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Family-based Green Cards (Part 2): Family Relationship Definitions

Posted by Ann Badmus | Oct 11, 2012 | 0 Comments

The Department of Homeland Security (DHS) has clear definitions for family relationships, as follows:

  • Children – the definition of a child also provides the basis for the definition of parent, sibling and son or daughter. A child is a person under 21 years of age who is born in or out of wedlock. An adopted child qualifies under this category so long as the adoption takes place before the child reaches the age of 16, and has lived with the adoptive parent for two years in legal custody. However, this two-year residency requirement does not apply to orphans (i.e., adopted children whose natural parents are deceased or have abandoned them). Stepchildren are also included as children of the sponsor so long as the marriage between the parent and stepparent took place before the child reached 18 years of age.
  • Parent – the definition of a parent is established by the definition of child. That means, a parent is a natural parent or adoptive parent, so long as the requirements for child are met. The natural parent of an adopted child is not a parent according to the DHS.
  • Son or Daughter – the definition of son or daughter is a child (as defined previously) who is over the age of 21. This definition is particularly relevant in preference levels one, two and three.
  • Brothers and Sisters – siblings can petition for one another if they meet the definition of child from one or both parents. That means stepchildren can petition for their stepsiblings and adopted children can petition for their adopted siblings in the same adoptive family. However, adopted children cannot petition for their natural brother or sister if they were not adopted into the same family.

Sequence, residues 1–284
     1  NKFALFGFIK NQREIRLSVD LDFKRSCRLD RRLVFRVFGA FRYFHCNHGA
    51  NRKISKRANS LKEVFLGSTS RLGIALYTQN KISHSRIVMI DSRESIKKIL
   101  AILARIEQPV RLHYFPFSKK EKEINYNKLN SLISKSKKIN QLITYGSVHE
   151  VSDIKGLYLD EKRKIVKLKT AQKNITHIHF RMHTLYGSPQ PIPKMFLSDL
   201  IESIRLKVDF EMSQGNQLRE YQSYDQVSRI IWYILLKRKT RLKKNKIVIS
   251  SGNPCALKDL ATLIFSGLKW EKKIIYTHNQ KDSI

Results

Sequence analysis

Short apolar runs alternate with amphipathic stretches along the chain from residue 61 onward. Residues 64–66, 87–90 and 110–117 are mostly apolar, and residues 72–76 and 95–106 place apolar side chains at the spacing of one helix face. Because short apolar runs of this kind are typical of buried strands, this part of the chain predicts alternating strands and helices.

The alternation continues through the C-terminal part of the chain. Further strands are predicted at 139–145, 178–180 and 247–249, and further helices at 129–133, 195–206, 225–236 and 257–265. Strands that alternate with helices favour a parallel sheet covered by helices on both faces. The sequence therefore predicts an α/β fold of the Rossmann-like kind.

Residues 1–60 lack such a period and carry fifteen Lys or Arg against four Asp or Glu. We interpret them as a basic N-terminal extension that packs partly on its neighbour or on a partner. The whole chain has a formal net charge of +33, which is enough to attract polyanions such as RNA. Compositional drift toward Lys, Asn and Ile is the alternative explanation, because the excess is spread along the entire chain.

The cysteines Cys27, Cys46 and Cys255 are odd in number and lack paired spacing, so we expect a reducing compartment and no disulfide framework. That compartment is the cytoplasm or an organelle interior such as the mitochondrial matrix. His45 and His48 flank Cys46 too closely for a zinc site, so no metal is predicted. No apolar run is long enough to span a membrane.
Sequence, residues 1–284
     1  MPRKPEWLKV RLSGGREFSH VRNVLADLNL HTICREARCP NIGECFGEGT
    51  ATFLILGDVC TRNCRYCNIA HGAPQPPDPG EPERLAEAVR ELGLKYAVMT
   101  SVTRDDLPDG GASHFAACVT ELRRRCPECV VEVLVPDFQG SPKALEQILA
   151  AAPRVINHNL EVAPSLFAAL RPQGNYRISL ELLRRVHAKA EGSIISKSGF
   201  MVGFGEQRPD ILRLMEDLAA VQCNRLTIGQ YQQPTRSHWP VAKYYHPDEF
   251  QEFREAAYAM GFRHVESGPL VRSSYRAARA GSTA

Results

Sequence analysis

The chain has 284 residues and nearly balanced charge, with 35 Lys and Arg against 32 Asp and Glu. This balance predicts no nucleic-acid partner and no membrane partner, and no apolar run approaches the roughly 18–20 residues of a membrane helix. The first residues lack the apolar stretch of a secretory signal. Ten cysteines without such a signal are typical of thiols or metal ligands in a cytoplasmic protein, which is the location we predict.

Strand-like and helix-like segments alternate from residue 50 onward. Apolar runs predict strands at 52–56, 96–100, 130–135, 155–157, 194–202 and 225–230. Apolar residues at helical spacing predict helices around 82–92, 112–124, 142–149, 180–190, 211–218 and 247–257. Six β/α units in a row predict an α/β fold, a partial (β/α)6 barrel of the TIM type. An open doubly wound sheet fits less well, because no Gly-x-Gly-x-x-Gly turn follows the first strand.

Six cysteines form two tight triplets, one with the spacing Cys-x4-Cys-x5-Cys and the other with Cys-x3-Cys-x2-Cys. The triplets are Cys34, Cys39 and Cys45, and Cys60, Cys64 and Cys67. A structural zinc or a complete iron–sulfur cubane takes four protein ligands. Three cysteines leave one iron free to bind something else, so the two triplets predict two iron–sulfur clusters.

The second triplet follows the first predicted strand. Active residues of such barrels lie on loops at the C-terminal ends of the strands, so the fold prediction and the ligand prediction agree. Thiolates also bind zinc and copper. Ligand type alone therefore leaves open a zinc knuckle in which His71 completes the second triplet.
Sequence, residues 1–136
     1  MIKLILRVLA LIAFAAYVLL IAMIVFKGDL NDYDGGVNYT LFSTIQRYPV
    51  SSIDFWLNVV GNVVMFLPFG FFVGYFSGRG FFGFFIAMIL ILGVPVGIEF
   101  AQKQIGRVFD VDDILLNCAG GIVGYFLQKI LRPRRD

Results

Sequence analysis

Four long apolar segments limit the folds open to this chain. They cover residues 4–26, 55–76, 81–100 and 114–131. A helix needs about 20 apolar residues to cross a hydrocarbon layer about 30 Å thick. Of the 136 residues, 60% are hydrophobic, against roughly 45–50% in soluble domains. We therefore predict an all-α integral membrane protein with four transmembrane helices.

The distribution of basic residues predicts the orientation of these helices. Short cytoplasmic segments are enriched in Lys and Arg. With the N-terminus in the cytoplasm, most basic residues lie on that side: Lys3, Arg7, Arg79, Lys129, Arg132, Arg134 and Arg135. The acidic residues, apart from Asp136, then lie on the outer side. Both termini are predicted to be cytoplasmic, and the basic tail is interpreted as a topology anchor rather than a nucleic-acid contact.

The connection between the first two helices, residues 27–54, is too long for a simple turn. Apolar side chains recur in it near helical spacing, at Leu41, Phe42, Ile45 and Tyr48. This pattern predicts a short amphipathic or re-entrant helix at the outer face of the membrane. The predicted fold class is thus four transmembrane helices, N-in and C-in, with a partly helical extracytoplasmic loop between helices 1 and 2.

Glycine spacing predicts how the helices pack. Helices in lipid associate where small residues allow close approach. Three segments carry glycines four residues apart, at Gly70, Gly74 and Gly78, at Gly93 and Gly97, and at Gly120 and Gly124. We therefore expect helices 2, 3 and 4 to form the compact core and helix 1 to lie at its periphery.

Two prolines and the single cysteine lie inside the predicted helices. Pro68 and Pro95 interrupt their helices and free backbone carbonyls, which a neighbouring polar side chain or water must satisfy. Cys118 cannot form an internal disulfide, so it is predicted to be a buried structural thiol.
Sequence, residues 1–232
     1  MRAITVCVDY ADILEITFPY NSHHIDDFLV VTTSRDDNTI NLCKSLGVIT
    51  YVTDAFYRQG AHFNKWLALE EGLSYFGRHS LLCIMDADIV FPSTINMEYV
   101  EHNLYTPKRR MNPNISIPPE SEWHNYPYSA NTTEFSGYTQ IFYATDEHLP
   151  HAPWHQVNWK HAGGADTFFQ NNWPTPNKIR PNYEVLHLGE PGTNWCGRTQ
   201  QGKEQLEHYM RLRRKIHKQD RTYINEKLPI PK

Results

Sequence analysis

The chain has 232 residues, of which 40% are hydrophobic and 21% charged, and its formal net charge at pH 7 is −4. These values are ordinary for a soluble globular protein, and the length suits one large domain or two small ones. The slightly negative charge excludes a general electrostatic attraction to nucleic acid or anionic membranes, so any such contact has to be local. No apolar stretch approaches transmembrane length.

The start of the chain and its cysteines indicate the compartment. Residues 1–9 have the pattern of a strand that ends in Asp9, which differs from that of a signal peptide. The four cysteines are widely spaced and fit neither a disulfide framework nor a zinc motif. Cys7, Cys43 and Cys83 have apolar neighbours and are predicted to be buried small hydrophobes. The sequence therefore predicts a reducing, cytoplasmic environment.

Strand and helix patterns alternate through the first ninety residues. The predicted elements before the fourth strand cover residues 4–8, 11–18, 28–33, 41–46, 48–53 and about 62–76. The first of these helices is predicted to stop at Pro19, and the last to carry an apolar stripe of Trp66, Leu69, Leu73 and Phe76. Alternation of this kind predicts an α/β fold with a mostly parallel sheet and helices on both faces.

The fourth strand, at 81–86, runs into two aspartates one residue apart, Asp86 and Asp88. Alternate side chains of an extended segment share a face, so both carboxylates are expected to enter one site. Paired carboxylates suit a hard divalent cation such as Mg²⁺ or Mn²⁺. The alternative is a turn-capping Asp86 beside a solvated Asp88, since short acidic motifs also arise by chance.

• Spouse – a marriage must be valid for the DHS to recognize the spousal relationship. A valid marriage is determined by the law of the place of marriage. If the marriage took place outside the U.S., it is valid so long as the parties complied with the law of that country. Consequently, a common law marriage may be valid for immigration purposes if the state or country recognizes such a marriage. That being said, the marriage cannot violate U.S. public policy, such as a polygamous marriage or an incestuous marriage. If either spouse was previously married, they must have obtained a valid divorce before the remarriage will be considered legitimate. Interestingly, “proxy marriages” where the parties are not in each other's presence (commonly called “telephone marriages”) will be valid so long as the parties prove they later consummated the marriage.

Now that we've covered who qualifying relatives are and the official definitions of family relationships in this and the previous article, our next article will cover the important subject of the application process.

About the Author

Ann Badmus

Principal and Managing Attorney


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